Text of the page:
Coastal Gardening: Perennial Flowers for the Sea Coast

Sea Coast Perennial Flowers

Seacoast gardener? A collection of flowering perennial plants that grow well on the coast. From

Recently I discussed some of the challenges people face when gardening in windy coastal  conditions, and some counter-intuitive tips for gardening on the sea coast. The biggest struggle is finding plants that will thrive and bloom even with all that wind and salt. Trial and error is a big part of gardening, but it’s nice to have some plants that you KNOW will work, too!

I’ve tested all of these in gardens that are right on the bluffs above the ocean and they are all tough performers:

Sedum 'Autumn Joy' Geranium 'Rozanne' (2) Leonotis leonuris photo by macinate on Flickr
Erigeron karvinskianus Euphorbia photo by wlcutler on Flickr Phlomis fruticosa
Pink Flower Carpet Rose Salvia leucantha Geranium 'Patricia'

(Click on each photo to view larger) Clockwise from top left: Sedum ‘Autumn Joy’/ Hardy Stonecrop, Geranium ‘Rozanne’/ Rozanne Hardy Cranesbill, Leonotis leonuris/ Lion’s Tail, Phlomis fruticosa/ Jerusalem Sage, Geranium ‘Patricia’/ Patricia Hardy Cranesbill, Salvia leucantha/ Mexican Bush Sage, Rosa x ‘Noatraum’/ Pink Flower Carpet Rose, Erigeron karvinskianus/ Santa Barbara Daisy or Fleabane, Euphorbia or Spurge in center.

Some other great choices?

Lavenders of every variety (If you want to plant a lot of different lavenders, you may like to check out this book, Lavender: The Grower’s Guide, which has some wonderful photos that allow comparison on flower/ foliage color and plant form.)

Colorful Culinary Sages (Salvia officianalis) like ‘Icterina’, ‘Tricolor’, and ‘Purpurea’

Shasta Daisies (Leucanthemum x superbum) like the yellow ‘Broadway Lights’, the shredded, wild ‘Crazy Daisy’, or the petite ‘Snowball’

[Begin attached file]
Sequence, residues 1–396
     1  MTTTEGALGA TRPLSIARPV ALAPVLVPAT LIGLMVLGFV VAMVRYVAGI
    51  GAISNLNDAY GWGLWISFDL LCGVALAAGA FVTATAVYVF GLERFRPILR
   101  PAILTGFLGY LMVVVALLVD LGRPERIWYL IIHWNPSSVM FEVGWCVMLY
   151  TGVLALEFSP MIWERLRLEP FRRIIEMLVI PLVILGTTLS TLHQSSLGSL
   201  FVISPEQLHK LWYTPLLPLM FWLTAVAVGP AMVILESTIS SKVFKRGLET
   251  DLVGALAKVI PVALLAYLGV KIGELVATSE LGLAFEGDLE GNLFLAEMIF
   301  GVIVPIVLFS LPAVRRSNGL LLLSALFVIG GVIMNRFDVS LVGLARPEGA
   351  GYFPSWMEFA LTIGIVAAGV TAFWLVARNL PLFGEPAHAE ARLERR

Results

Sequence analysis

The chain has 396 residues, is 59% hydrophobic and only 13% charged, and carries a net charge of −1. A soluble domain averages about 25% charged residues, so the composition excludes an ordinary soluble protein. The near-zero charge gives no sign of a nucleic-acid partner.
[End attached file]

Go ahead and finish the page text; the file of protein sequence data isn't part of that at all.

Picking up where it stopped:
Tough varieties of Artemisia like ‘Powis Castle’

Lamb’s Ears (Stachys byzantina) – check out FaireGarden’s lovely craft project to do with Lamb’s Ears!

Lavender Cotton (Santolina) with flowers like the petal-less centers of daisies

While many of these are common garden plants that you’ve seen before, if you choose unusual varieties, or combine them skillfully with heathers or ornamental grasses, there’s plenty of room to create new and exciting combinations so your garden feels like “you” – unique and personalized.

Want some more ideas on gardening on the sea coast?

Using Screens and Hedges to Block Wind on the Sea Coast

Shade-Loving Plants for the Sea Coast

Groundcover Plants for Coastal Gardeners

Perennial Flowers for the Sea Coast

Photo credits: photo of Leonotis by macinate on Flickr, Euphorbia photo by wlcutler on Flickr.

10 responses to “Coastal Gardening: Perennial Flowers for the Sea Coast”

  1. Gen,

    I’m really enjoying this series on gardening by the seashore, I’m learning alot and it’s great to have this info in one handy place to refer to. I didn’t realize geranium Rozanne was so hardy. She is a mainstay of my deer-infested garden here in CT. The deer eat almost every other geranium cultivar so Rozanne has a special place in my heart – I’m beginning to think there’s nothing Rozanne can’t handle.

  2. Euphorbia seems to be very resillient in many conditions. Lavender cotton is pretty. I started some lion’s tail from seeds I got int he swap–I just love its orange color. It’s nice to know it could live on a sea coast, if I had one, lol!

  3. Last year I decided to go with Native Plants. Here in KS, the wind, cold, heat, and drought play havoc with garden favorites. There are a lot of beautiful native plants in our area, so I planted them from seed, then transplanted the young plants out in the garden, they overwintered well, and all look good. Looking forward to a carefree blooming native flowerbed.

  4. Debbie, that’s great Rozanne handles deer in your area! Here, she takes deer only in low-traffic areas. I have one garden bed where there is a Rozanne at the end and one in the middle, and the one at the end gets browsed because it’s right on their normal pathway that they walk. The other Rozanne is fine! Deer. Can’t live with ’em…

    Monica, how fun that you’ve started Lion’s Tail from seeds! I am so bad at seed-starting! I think I am too impatient. I just want to start with a nice plump one.

    Suzanne, thanks so much for saying hello! Aren’t native plants wonderful? I hope you’ve had a chance to read Doug Tallamy’s book about them. It has really convinced me how important it is to incorporate them into my garden designs.

  5. Hi – I’d like to purchase either a few plants or seeds of Leucanthemum x superbum ‘Summer Snowball’. Could you ship them to me? If not, could you tell me of a retail nursery that I could check with?

    Thank you.

    Chuck Ingels

  6. hello,
    I see all these flowers that can survive coastal climate with the harsh wind and salt, but what about veggie gardens? Can tomatoes survive in coastal gardens?